Stomach Cancer: Newly Diagnosed
Being told you have stomach cancer can be scary, and you may have many questions. But you have people on your healthcare team to help.
Coping with fear
It’s normal to feel afraid. Learning about your cancer and about the treatment options you have can make you feel less afraid. This also helps you work with your healthcare team and make the best choices for your treatment. You can also ask to speak with a counselor.
Working with your healthcare team
Your healthcare team will likely include:
Oncologist. This is a doctor who specializes in treating cancer.
Medical oncologist. This is a doctor who specializes in treating cancer with medicines.
Radiation oncologist. This is a doctor who specializes in treating cancer with radiation.
Gastroenterologist. This is a doctor who specializes in treating diseases of the gastrointestinal system
Oncology nurse. This is a nurse who specializes in caring for people with cancer.
Registered dietitian. This is an expert on nutrition, food, and diet who can help you eat right during treatment.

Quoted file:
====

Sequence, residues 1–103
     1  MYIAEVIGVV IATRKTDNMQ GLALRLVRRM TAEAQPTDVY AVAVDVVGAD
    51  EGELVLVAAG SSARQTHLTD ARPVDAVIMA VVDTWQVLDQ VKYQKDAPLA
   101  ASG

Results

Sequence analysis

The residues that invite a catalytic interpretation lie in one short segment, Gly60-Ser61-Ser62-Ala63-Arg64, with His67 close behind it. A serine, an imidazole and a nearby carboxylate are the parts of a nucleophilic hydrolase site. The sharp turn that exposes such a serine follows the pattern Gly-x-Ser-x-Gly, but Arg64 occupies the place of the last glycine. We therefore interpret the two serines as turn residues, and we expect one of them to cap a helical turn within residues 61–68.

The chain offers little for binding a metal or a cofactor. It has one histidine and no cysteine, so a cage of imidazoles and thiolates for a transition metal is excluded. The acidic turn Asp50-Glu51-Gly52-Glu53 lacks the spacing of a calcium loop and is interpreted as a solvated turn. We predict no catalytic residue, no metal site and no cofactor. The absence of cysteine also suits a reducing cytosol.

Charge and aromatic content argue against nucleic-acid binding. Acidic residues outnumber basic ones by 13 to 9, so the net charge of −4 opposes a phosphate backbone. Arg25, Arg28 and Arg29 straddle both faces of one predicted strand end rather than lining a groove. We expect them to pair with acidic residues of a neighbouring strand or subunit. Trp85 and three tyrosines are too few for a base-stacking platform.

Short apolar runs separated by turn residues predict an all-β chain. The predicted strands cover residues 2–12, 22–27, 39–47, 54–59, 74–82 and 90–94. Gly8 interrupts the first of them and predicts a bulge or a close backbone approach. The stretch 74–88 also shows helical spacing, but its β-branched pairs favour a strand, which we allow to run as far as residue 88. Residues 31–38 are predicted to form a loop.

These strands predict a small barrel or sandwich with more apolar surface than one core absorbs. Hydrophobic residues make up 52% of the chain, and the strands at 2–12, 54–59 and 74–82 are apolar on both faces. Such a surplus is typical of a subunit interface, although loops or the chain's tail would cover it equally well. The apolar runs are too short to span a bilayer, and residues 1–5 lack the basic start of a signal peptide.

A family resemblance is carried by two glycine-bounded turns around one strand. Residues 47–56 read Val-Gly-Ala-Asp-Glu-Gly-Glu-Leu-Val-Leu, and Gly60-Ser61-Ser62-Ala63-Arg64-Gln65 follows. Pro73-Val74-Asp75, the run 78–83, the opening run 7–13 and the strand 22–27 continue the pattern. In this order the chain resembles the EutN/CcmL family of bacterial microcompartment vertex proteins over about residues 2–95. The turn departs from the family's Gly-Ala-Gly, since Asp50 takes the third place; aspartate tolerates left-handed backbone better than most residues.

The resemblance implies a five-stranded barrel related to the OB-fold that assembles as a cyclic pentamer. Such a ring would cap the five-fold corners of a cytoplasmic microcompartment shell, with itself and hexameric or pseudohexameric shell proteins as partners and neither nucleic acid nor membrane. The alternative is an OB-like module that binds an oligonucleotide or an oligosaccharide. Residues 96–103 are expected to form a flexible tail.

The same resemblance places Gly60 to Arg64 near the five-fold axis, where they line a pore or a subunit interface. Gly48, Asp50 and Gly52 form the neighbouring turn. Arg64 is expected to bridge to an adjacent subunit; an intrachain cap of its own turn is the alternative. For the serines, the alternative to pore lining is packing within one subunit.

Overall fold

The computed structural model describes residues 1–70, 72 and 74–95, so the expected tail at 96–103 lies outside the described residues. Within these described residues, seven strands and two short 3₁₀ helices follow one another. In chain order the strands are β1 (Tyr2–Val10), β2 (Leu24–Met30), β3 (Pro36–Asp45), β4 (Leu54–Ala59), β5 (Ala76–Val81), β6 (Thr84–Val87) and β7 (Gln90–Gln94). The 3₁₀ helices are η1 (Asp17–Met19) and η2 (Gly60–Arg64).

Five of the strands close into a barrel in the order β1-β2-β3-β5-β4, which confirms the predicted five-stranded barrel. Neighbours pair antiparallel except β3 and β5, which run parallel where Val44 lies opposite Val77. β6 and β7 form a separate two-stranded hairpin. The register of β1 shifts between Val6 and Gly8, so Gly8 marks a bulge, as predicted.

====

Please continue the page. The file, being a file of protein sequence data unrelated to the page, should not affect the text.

Your healthcare team will answer any questions you may have. They’ll help you through each of the steps you’ll take before, during, and after treatment. Your team will let you know what tests you need and the results of those tests. They’ll guide you in making treatment decisions and help prepare you and your loved ones for what’s ahead.
Learning about treatment options
To decide the best course of treatment for you, your healthcare team needs to know as much as they can about your cancer. This may mean getting some tests and working with more than one healthcare provider. And you may decide that you want to get a second opinion to help you choose a treatment.
Stomach cancer often takes many years to develop. Sometimes, though, stomach cancer can grow and spread very quickly. Healthcare providers have a hard time predicting which stomach cancers will grow slowly and which will grow quickly. The good news is that healthcare providers can spot stomach cancer earlier than ever before. That means there's more hope of beating the cancer.
The biopsy that showed you have cancer gives your healthcare provider other facts. For instance, it can help him or her predict how fast the cancer may grow. This is called the grade. It's likely you'll need other tests to learn how far the cancer has progressed. This is called the stage.
Coping with cancer can be very stressful. Talk with your healthcare team about seeing a counselor. They can refer you to someone who can help. You can also visit support groups to talk with other people coping with cancer. Ask your healthcare team about local support groups.